The opening scene-setter for the 1996 film "Independence Day" might serve as a metaphor for what Egyptians could face if a draft constitution written by a panel dominated by Islamists and based on Sharia law wins approval in a referendum: "A loud rumble is heard. Suddenly, we are covered in darkness as the shadow engulfs us. Only the image of our Earth hangs in the air, until a huge silhouetted object suddenly blocks our view."
Egypt could well embrace the dark side (to mix movie metaphors) and become the region's biggest force for extremism, just ahead of the Wahabists in Saudi Arabia, even though Iran, with its race toward nuclear weapons, poses the most immediate danger.
The lowlights of the draft constitution ought to alarm all but the most complacent, as well as those who have been in denial, claiming we have nothing to fear from this "peaceful religion," which somehow keeps providing examples to the contrary.
According to the Associated Press, the new draft says, "... the principles of Islamic law" are to be enshrined in the Egyptian constitution. Previously, notes the AP, those principles were open to interpretation, but in the latest draft a separate new article is added that defines "principles" by "pointing to particular theological doctrines and their rules," which will likely result in a stricter interpretation.
Other articles in the draft fail to guarantee equal rights for women, or tolerance for other religious beliefs, including, presumably, moderate Islamic beliefs that conflict with the doctrines of the Muslim Brotherhood. Egyptians won't be allowed to "insult or defame the Prophet," but what constitutes an insult and the punishment for the affront is not spelled out.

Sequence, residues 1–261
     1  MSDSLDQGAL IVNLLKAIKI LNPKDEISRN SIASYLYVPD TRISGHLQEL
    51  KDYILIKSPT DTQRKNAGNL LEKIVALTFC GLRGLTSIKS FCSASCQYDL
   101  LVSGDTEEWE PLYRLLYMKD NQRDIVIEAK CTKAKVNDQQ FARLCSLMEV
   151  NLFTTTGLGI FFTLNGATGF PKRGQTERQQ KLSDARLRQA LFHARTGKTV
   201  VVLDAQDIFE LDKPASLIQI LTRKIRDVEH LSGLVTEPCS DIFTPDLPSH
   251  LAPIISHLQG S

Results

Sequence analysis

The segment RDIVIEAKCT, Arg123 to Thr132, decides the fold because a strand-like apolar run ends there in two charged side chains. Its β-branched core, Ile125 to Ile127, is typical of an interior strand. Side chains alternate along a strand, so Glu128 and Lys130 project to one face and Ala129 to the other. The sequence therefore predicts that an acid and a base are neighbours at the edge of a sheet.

Another article preserves military tribunals, allowing them to try civilians. AP estimates 11,000 civilians "were tried before military tribunals during the post-Mubarak transition ..." The constitution does not ban slavery, according to AP, or guarantee that Egypt will adhere to international rights treaties.
All of this was foreseeable, if the West had listened to what Islamists promised to do when they achieved political power. We're not dealing with classified information here. In other countries where Islamists have gained power -- in our era and throughout history -- they have behaved toward others with differing beliefs and religions exactly as they are behaving now. Except now, opponents scatter for fear of being labeled an "Islamophobe." Are they Islamophobes if they quote Islamists' words and point to their actions in an effort to warn others what is coming? Free people ought to be afraid and act accordingly.
The cloud has also spread to Northern Mali, where Islamic extremists have banned music in a land where it has long been part of their culture. The Washington Post reports that Northern Mali is "one of the richest reservoirs of music on the [African] continent, [but] is now an artistic wasteland. Hundreds of musicians have fled south to Bamako, the capital, and to other towns and neighboring countries, driven out by hardliners who have decreed any form of music -- save for the tunes set to Koranic verses -- as being against their religion."
It is fine to say Islamists don't represent "mainstream Islam," whatever that is. But if moderate Islam exists, it is having great difficulty asserting itself in the face of extremists who have the guns, the knives and the will to impose their creed on others, killing or imprisoning anyone who resists.
This is the future and it has policy implications for the United States and every other country that is free and tolerant of all beliefs and wishes to remain so.
Examiner Columnist Cal Thomas is nationally syndicated by Tribune Media.